1. Describe Wiesel’s community at the beginning of the story. How does young Eliezer view the world and his place in it?



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Guided Questions for Night by Elie Wiesel

1. Describe Wiesel’s community at the beginning of the story. How does young Eliezer view the world and his place in it?

2. What are some incidents that suggest or foreshadow the coming danger to the Sighet Jews? Why doesn’t the community believe it is in danger?

3. What are the conditions on the Jews’ train journey? How do the Jews react to Madame Schachter’s behavior? What does this reveal about human nature?

4. What animalistic terms do the Nazis use when speaking to the Jews? What effect does this have on the Jews? On the reader?

5. What is the significance of the title, Night? What other references to night or darkness can be found in the memoir? What is the author’s purpose in repeating this image?

6. Eliezer observes the now-infamous inscription above the entrance to Auschwitz, equating work with liberty. How does that inscription come to embody the deceit and bitter irony of the Nazi camps? What was the “work” of the prisoners? Were any of the Auschwitz survivors ever liberated emotionally?
7. Eliezer’s gold crown makes him a target for spurious bargaining, concluding in a lavatory with Franek, the foreman, and a dentist from Warsaw. Discuss the hierarchies in place at Auschwitz. How was a prisoner’s value determined? Which prisoners were chosen for supervisory roles? Which ones were more likely to face bullying, or execution?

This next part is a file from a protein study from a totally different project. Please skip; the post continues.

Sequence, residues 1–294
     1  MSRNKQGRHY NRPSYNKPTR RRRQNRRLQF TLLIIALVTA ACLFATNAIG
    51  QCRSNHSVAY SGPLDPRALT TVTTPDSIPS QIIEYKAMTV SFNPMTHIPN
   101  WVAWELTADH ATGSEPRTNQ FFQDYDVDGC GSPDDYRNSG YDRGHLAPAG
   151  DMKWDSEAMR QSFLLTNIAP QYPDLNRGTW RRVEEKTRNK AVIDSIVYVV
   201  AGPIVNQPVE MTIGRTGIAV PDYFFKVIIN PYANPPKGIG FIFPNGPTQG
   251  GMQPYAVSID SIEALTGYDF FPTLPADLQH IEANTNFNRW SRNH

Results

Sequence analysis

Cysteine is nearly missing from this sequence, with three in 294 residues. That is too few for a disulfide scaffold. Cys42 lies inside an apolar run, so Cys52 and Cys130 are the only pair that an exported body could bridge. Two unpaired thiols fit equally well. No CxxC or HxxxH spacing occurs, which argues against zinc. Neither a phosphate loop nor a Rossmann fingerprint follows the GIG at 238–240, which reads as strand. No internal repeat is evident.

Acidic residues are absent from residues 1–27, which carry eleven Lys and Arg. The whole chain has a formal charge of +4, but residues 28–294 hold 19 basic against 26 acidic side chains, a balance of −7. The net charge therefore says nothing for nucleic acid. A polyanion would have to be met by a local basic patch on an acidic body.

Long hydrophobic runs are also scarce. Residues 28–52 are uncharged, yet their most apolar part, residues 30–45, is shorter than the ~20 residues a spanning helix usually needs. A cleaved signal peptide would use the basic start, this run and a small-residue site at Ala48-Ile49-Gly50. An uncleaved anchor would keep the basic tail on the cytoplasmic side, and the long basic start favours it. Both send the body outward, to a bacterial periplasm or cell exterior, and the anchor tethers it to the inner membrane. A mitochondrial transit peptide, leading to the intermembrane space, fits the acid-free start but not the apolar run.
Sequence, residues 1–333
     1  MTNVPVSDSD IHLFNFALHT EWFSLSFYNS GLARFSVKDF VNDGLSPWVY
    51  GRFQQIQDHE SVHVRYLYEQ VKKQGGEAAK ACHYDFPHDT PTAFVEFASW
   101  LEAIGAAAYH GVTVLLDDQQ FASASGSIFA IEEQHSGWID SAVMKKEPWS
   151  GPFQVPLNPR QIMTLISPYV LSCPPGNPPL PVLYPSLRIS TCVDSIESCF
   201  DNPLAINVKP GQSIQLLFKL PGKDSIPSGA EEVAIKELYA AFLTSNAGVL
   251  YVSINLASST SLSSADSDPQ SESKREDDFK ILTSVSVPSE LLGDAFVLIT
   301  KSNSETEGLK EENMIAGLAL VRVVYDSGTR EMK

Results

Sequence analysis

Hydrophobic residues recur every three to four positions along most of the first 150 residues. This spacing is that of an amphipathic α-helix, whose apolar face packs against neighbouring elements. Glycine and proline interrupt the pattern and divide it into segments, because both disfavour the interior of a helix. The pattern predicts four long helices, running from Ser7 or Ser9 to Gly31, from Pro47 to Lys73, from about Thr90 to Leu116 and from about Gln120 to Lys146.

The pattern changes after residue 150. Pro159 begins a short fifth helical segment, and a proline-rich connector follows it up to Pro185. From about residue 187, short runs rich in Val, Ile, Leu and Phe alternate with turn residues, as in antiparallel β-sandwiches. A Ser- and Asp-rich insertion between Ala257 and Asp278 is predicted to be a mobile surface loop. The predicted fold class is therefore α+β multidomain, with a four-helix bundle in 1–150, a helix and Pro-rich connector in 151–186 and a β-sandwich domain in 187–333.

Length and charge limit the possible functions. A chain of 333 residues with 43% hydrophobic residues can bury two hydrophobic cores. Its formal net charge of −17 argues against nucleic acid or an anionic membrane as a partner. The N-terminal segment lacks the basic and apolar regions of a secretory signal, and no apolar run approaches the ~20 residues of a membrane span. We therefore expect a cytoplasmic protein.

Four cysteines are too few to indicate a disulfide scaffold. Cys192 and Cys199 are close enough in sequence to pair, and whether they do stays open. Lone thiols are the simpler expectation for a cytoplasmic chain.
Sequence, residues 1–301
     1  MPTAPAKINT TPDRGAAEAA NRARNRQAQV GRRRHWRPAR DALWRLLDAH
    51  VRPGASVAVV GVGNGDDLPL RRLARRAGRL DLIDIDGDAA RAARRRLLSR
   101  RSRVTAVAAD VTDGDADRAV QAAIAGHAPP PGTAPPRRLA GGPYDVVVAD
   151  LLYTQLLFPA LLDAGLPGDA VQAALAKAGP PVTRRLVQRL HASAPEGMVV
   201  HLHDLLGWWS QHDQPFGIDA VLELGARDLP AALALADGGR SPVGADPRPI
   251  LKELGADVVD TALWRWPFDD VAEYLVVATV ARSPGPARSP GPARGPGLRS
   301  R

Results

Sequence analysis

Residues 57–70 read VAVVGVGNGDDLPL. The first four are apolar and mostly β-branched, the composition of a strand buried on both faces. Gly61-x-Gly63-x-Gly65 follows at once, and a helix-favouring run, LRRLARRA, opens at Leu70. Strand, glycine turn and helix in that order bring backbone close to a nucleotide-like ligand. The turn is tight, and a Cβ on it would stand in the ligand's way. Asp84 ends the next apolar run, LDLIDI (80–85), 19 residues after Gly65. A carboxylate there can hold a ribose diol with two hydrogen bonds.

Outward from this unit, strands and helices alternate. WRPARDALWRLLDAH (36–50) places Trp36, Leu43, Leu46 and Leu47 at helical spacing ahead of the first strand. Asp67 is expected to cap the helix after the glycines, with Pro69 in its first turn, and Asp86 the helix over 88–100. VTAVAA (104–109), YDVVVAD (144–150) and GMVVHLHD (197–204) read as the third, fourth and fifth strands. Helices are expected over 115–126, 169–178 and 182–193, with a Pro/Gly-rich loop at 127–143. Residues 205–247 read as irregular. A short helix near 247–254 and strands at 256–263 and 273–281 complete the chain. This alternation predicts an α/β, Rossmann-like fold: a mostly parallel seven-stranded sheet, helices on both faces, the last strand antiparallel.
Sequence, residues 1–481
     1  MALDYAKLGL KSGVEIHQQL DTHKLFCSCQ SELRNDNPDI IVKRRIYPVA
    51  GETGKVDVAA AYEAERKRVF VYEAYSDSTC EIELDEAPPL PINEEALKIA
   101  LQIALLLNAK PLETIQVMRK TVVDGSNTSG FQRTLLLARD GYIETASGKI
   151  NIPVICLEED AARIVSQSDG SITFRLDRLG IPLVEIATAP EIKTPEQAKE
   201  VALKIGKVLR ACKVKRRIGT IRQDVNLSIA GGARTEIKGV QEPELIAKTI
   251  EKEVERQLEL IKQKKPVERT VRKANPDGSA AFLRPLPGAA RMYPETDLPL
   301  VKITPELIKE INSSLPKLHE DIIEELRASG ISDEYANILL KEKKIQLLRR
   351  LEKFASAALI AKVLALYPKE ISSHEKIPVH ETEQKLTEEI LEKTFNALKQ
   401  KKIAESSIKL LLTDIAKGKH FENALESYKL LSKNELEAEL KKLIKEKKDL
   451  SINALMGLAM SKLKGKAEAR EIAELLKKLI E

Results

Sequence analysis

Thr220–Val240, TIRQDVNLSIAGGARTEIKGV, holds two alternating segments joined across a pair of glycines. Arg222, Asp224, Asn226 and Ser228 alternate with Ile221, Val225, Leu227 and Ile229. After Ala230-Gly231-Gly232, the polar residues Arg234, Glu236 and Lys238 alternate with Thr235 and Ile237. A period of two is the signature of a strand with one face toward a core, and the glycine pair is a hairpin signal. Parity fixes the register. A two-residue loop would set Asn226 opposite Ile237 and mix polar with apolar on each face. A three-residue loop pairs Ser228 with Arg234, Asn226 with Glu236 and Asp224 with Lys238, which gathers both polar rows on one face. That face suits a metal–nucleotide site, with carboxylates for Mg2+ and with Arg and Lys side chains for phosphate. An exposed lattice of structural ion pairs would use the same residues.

8. Eliezer expresses sympathy for Job, the biblical figure who experienced horrendous loss and illness as Satan and God engaged in a debate over Job’s faithfulness. After watching the lynching and slow death of a young boy, Eliezer tells himself that God is hanging from the gallows as well. In his Nobel lecture, Wiesel describes the Holocaust as “a universe where God, betrayed by His creatures, covered His face in order not to see.” How does Wiesel’s understanding of God change throughout the book? How did the prisoners in Night, including rabbis, reconcile their agony with their faith?
9. After the surgery on Eliezer’s foot, he and his father must face being marched to a more remote camp or staying behind to face possible eleventh-hour execution amid rumors of approaching Red Army troops. Observing that Hitler’s deadliness is the only reliable aspect of their lives, Wiesel’s father decides that he and his son should leave the camp. The memoir is filled with such crossroads, the painful outcomes of which can be known only in retrospect. How does Wiesel respond to such outcomes?
10. What is the significance of the book’s final image, Wiesel’s face, reflected in a mirror? He writes that a corpse gazed back at him, with a look that has never left him. What aspects of him died during his ordeal? What aspects were born in their place? What do you make of his observation that among the men liberated with him, not one sought revenge?

11. How does Eliezer’s relationship with his father change throughout the novel? What causes this evolution?



12. How do the people Wiesel interacts with strengthen or diminish his hope and desire to live? Consider his father, Madame Schachter, Juliek (the violin player), the French girl, Rabbi Eliahou and his son, the Nazis.


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